Hateful Eight is an enjoyable film on several levels, but like Death Proof and Inglorious Basterds it's also very self-indulgent on Tarentino's part. It's not QUITE as self-indulgent as those movies, but it definitely tried my patience a couple times. When Tarentino made Django Unchained either he (or the people around him) were able to reign in his more ridiculous impulses which enabled him to craft a movie that told a story brilliantly and was still a lot of fun. That was a return to form and I was hoping Hateful Eight would be more like Django Unchained and less like Inglorious Basterds. In the end, it split the difference.
Kurt Russel and Samuel L Jackson deliver amazing performances and are equal parts menacing and hilarious. Much like his first film, Resevoir Dogs, the story of Hateful Eight is a crime caper with one primary set; only this one takes place in the late 1800s. It's ironic that Tarentino tries to fill his movies with interesting / quirky characters and often focuses on them and their dialogue to a fault, when the best characters in this movie were the set (the "Habberdashery") and the blizzard raging outside. His non-human characters help set the mood perfectly and lend the film a feeling of authenticity while the human characters, however funny and impressive in their own right, often make the film feel ridiculous.
The movie simmers for an hour and change before any real action takes place. I consider myself a pretty patient guy but the older I get and the more great works of film I'm exposed to, the more tired I grow of films that are needlessly wordy. The Hateful Eight contains too much exposition and you could easily cut a half hour from its running time and lose none of its impact. This is the "self indulgence" of Tarentino I mentioned earlier and it was so prominent in Inglorious Basterds that it literally put me to sleep the first time I saw it.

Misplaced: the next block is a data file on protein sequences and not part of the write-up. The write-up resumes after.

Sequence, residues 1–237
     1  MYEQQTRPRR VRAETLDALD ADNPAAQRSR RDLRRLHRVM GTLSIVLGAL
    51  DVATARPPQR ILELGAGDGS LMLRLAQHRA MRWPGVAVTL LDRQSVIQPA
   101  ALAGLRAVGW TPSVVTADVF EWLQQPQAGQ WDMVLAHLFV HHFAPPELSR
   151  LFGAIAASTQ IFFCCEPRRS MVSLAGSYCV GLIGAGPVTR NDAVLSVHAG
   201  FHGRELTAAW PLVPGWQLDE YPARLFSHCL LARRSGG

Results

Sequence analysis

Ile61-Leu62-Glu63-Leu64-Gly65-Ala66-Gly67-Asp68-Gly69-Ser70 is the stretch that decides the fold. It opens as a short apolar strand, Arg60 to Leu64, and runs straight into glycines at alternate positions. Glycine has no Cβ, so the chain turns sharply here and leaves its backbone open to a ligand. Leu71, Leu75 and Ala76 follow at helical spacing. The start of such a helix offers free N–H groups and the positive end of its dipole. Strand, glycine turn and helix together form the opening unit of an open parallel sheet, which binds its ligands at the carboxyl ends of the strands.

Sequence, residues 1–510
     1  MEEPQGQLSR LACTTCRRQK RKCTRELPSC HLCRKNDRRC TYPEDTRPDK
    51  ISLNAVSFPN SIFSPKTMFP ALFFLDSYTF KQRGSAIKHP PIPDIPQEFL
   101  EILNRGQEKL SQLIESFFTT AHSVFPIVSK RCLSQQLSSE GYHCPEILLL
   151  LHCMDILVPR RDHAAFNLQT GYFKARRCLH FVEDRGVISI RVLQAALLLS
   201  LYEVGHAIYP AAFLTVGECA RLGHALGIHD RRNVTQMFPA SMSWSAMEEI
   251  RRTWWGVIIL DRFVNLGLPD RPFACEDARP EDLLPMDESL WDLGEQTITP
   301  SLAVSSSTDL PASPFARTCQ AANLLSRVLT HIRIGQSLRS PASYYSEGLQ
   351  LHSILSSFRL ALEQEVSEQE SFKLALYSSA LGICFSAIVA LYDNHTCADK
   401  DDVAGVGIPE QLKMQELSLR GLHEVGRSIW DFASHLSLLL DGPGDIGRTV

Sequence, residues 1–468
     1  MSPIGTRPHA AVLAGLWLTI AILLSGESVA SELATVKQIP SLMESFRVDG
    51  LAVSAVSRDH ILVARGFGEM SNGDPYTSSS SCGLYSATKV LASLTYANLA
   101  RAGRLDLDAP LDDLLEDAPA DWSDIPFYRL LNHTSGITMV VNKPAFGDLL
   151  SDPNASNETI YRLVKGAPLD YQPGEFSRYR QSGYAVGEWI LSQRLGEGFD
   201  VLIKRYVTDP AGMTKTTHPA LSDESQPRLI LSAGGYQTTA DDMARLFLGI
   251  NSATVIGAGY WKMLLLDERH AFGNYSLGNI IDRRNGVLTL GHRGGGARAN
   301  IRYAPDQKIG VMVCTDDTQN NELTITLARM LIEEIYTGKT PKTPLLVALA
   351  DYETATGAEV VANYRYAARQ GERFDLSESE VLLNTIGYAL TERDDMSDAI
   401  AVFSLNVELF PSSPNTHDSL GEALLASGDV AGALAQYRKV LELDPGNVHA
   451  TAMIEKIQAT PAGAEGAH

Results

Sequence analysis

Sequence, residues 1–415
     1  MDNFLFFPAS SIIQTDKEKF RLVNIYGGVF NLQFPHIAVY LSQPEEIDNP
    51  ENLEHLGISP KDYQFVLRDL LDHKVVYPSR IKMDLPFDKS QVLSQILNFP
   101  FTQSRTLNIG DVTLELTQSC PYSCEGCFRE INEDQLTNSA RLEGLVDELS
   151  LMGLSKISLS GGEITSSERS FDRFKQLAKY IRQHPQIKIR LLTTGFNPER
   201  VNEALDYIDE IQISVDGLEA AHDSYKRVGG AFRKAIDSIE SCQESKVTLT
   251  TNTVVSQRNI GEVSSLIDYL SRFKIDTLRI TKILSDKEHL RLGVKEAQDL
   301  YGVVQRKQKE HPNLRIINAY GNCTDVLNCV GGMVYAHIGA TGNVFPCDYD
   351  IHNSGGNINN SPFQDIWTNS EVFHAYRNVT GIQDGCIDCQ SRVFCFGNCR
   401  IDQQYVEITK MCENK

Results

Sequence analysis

The film is scored by the legendary Ennio Morricone and Tarentino tries to emulate the audio cues of old spaghetti westerns with various degrees of success. He also inserts a narrator a few times which was a bad decision that feels jarring and completely unnecessary.
Despite its flaws, the film is a visual feast and I'm glad I saw it on the big screen. It's a movie with a straight forward plot and obvious themes that doesn't necessitate repeated viewings, so I doubt I'll watch it again unless I want to get another look at those beautiful landscapes and the amazing set. Good, but far from his best.